Hints on the distillation of alcohol
In response to many requests here are some hints on the Distillation of alcohol.
Compliance with the law in your own Country is the obligation of the reader and we can accept no liability in the event of anyone using these instructions if the law in their own Country does not permit the distillation of alcohol.
Many of the enquires I have had are concerning the distillation of washes which have been made from fruit, grain or vegetable based wines. This is quite different to the approach we take, which is to make a wash from sugar and water which when distilled out has as little impurities, taste, or smell as possible. This neutral spirit is then flavoured with an essence to produce Whiskey, Gin, Brandy etc. etc. We have several high performance yeast/nutrients available, our most popular are Turbo-Classic Yeast and Alcotec Turbo 8. Turbo-Classic Yeast is an excellent yeast/nutrient mix which when mixed with sugar and water will ferment out into wash of 15 to 18% alcohol by volume in as little as 5 days.
The problem with distilling fruit, vegetable or grain based mashes is cleaning them up to a level that allows you to drink the spirit.
The process of distilling is as follows:
A neutral wash is made by mixing 6 kg of Sugar with 21 lt of water. Once the sugar is dissolved the Yeast is added.
(If a Molasses based mash is used the Molasses/nutrient mix is dissolved in warm water along with 4.5 Kg of sugar and then topped up with cold water to 20 litres just before the yeast is added.)
Once the wash has achieved a specific gravity of 1000 or less it is ready to distill (a really good ferment will get the wash down to 980)
Now the wash is ready to go into the still, & as all stills have different characteristics these instructions will be very general. There are two basic types of stills, the original still is a pot still which is simply a pot, collector and condenser. The second is a reflux still which is similar to a pot still except that it has a reflux tower in the top of the collector which sends most of the water and the impurities back into the wash.
It is important that if you are building your own still that a thermometer is incorporated into the design, this thermometer should be just through the lid in a pot still or through the top of the reflux tower and should measure the vapour temperature not the temperature of the wash.)
The temperature that good alcohol is given off at is critical to a safe distillation; alcohol given off at low temperatures is dangerous and should be discarded.Each still will vary in the temperature good alcohol starts coming off but it is likely to be between 79 - 85 degrees Celsius, if you are not sure on your still it is wise to throw away the first 150ml collected from a 20L wash.
Once the vapour temperature has risen above 95 degrees Celsius or the alcohol coming out of the condenser has dropped to 30% alcohol by volume in the case of a pot still or 50 - 60% in the case of a reflux still, the collection of drinkable alcohol should cease.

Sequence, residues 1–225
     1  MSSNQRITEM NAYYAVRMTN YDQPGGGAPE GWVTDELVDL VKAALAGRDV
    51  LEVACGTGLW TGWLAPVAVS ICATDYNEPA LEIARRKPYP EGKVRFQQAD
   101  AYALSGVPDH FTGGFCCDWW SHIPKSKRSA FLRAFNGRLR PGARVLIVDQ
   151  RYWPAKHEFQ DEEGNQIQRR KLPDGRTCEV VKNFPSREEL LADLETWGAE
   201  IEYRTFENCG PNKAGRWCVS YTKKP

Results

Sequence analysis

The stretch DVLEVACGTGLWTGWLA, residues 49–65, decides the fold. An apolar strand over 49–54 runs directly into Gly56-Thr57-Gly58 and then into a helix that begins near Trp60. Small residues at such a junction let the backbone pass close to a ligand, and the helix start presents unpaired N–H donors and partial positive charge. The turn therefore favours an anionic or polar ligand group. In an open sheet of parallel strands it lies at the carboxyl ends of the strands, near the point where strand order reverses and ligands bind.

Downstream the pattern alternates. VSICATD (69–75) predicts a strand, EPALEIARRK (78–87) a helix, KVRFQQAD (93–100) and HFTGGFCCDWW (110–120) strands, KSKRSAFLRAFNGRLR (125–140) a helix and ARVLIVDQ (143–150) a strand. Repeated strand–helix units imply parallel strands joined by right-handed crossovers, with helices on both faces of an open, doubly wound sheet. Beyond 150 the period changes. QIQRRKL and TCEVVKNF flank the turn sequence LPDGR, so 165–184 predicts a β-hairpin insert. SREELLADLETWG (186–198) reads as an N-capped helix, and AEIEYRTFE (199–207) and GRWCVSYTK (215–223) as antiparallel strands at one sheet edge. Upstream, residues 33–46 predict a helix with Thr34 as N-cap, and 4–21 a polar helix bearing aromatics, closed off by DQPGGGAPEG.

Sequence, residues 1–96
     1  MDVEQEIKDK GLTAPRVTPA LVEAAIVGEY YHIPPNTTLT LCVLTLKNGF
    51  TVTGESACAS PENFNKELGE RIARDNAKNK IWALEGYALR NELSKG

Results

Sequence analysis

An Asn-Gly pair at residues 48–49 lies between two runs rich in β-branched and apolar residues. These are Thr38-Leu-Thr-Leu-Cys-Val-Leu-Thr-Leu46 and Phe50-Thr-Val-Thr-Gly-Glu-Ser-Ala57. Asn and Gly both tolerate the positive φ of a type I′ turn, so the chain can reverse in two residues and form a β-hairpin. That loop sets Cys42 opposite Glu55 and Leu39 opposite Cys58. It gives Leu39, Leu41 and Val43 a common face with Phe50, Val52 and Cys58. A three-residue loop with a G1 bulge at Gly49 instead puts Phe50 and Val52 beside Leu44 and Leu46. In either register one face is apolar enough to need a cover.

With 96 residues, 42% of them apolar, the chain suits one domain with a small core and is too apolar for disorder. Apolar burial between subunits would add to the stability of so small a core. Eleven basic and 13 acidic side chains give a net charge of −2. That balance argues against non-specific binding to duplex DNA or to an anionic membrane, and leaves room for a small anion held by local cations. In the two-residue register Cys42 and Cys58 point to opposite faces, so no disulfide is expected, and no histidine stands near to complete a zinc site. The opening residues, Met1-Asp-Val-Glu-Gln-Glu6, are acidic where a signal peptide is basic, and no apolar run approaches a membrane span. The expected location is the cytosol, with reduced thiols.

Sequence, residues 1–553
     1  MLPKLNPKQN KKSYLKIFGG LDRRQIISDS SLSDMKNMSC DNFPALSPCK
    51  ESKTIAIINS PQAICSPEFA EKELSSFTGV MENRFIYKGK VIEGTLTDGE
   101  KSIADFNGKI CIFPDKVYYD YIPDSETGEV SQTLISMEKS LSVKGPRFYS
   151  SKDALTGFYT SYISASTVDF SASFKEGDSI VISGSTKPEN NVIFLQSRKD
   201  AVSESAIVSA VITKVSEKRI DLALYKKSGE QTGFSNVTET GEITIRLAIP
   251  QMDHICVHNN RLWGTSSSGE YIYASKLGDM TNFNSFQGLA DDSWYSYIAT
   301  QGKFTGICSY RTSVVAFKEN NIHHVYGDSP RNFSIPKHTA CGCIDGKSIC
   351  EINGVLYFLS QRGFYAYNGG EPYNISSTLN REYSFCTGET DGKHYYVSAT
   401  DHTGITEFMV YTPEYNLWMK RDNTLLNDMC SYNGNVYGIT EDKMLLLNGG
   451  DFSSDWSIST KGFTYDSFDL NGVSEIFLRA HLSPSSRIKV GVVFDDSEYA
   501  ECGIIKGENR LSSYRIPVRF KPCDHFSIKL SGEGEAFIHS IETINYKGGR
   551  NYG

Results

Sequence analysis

Under no circumstances should collection continue beyond 97.5 degrees Celsius, as high temperature alcohol distillation produces Fusel oils which whilst not quite as dangerous as low temperature distillate, are the source of hangovers! (and just taste bad).
If you do not wish to waste the alcohol it is an acceptable practice to save it and add it back into the still with the next wash.- or add it into a near-full petrol tank in your car and use your home made biofuel. Adding back (to the next distillation) should never be considered with the low temperature alcohol.
Once you have collected your alcohol it is now ready for carbon treatment. If you have a high quality "Contact Reactive" type carbon available, it is simply a matter of sprinkling 80 - 100 gms depending on the grade to up to 6 ltrs of 40% alcohol, leaving it for 3 - 7 days and filtering it back out. The easiest method of filtering is a large funnel with a double layer of coffee filters. If you don't have this grade of carbon available you will need to use a coarse treatment carbon and a second filter carbon to clean the alcohol up completely. Both these processes will take out any of the impurities that may have got through the system, and soften the alcohol. There are also some EXCELLENT easy-to-use commercial carbon-block filter units available, which work really well to "clean up" your alcohol. "Best Practice" is now to invest in and use such a unit.
Finally we get to the best bit: flavouring and drinking! We flavour our alcohol with essences and exact dilutions are not possible as essences come in different strengths however most essences we use are 10 ml to flavour a 1125 ml (40 oz) bottle. You can be happy with this or with all essences you can have a play around to see if you can improve them. Whiskey and Brandy and to some extent Rum and Bourbon can be improved by the addition of oak, & Gin can be improved by the addition of coriander seeds and juniper berries.